Well, the password guidelines specifically say " The password can contain uppercase letters and lowercase letters. The password can contain numbers." So no ambiguity there.

They are quite clear about what characters are permitted in the password. The not permitted list is redundant, but sometimes repetition is helpful. The argument that Microsoft has somehow incorrectly identified é as "non-English" is bullshit.


touché


Alphabet != characters


I'm not sure that helps. So an English character is any character that can appear in an English sentence? Are the Chinese words mixed in the Firefly English characters, too then? What makes a Chinese loan word different from a French loan word?

This seems a remarkably, stupidly pedantic point. Would Microsoft have created less overall user confusion by using the term non-ASCII and making all the nontechnical users look up what that means?


I don't like the fact that it broke all my KeePass passwords...


> Especially when those people purport to represent the company that made the mistake

The comment you're quoting specifically asserts that it does not represent the company:

> (I work at Microsoft) but my opinion does not represent that of my company.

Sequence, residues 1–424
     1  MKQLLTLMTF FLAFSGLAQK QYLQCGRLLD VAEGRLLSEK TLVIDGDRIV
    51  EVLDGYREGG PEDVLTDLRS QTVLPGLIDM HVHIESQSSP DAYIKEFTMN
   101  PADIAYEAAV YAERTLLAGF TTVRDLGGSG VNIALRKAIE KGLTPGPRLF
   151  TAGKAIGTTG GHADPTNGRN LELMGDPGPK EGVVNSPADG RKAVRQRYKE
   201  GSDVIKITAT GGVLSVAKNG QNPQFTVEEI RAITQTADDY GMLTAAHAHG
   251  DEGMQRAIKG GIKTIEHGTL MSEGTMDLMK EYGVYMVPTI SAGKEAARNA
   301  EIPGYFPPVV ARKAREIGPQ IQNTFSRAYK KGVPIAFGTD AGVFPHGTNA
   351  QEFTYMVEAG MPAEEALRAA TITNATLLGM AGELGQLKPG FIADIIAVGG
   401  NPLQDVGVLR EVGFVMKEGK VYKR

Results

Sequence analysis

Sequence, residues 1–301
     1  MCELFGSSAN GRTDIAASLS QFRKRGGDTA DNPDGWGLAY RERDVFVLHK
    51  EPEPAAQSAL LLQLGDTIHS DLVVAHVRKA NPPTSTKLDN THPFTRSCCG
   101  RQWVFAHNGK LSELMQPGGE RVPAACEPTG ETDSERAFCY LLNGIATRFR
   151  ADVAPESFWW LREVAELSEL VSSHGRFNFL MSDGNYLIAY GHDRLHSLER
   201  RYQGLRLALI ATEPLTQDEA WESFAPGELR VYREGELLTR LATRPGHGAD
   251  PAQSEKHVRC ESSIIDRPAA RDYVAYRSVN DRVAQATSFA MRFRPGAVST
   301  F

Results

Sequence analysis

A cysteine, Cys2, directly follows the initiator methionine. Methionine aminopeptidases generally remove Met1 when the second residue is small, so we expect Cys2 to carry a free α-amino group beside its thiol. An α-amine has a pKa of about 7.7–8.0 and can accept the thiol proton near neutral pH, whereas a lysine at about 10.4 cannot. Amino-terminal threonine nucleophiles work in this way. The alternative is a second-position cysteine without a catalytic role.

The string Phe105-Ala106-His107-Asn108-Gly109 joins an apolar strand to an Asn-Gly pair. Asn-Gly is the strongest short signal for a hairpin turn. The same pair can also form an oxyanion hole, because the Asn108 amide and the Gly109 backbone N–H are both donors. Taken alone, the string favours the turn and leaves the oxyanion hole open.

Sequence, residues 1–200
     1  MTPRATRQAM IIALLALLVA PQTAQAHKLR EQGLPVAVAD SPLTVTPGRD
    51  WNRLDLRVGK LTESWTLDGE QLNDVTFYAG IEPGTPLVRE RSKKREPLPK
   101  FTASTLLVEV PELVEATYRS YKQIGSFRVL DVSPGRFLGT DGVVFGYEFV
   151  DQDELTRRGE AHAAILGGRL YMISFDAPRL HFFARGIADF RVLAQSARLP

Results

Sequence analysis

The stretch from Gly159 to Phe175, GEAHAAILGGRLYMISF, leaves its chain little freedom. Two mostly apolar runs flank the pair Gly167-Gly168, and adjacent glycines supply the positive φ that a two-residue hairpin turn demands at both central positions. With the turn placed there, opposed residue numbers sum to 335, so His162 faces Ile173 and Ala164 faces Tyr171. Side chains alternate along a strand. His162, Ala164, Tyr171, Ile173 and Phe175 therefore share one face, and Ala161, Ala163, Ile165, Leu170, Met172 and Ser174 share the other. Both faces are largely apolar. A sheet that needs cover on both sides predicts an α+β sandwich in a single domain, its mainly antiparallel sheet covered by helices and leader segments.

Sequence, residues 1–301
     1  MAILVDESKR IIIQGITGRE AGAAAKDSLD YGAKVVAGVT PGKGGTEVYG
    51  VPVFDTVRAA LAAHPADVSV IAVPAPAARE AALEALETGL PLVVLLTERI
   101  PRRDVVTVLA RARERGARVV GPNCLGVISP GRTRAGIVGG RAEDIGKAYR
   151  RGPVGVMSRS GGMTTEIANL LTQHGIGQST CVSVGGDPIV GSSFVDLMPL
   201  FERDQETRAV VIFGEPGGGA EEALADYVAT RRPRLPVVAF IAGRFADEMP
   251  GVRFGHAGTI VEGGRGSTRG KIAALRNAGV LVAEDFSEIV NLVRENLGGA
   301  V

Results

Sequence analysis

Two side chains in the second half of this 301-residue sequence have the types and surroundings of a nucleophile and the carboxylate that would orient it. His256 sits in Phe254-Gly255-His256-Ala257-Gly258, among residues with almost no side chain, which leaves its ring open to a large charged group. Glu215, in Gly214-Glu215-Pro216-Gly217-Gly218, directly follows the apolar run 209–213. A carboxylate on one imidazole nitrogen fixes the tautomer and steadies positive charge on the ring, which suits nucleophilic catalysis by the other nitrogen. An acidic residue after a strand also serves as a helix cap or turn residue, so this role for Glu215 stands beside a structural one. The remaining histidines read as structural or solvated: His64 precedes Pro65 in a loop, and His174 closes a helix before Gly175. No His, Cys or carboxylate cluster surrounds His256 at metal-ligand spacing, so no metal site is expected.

For the record, I also work for Microsoft, and my comments also do not represent the company.


Is a Microsoft Live account needed to use Windows 8? If so, that's a far bigger WTF than a 16-char password.


No, it isn't required, but they encourage it.


It's the trend started by Android and then followed by iOS and also begun on OSX. It's not quite required but you're pretty much going to want a cloud account.


If I remember correctly, most of Modern UI apps won't be accessible without a Microsoft account.


Well you can't get into the store without a Live account, and Modern UI apps can't be installed from outside the store.


You can sideload them.


Apps that require Live services require a Live account I imagine, but nothing else seems to have.


(for users with Microsoft Accounts)

Granted, that'll probably be the majority. Anyone know if non-MS accounts have this limitation?

EDIT: Nope, see http://news.ycombinator.com/item?id=4389204


"16 characters ought to be enough for anybody."


Does this mean Microsoft stores the plain text of Live passwords instead of hashes?


Some programmer decided to filter characters and limit the length of a string. Honestly, it's reasonable. I know it's not the point but 16 ASCII chars can be used to create a secure windows password.

And people with passwords bigger than 16 chars are a corner case. HN has had top stories telling programmers not to care about corner cases or to assign a very low priority to them.

In my opinion: "Nothing to see here, move along".


The passwords should be salted and then hashed. The hash produces the same length output no matter how long the input. Consequently length limitations are either UI/protocol limitations, or because salting and hashing is extremely poorly done. My money is on the latter.


I know. But yes I was thinking that the password still has to go through UIs (Web & Native), be sent over the network and read by the server and only than can it be hashed and compared to the stored hash.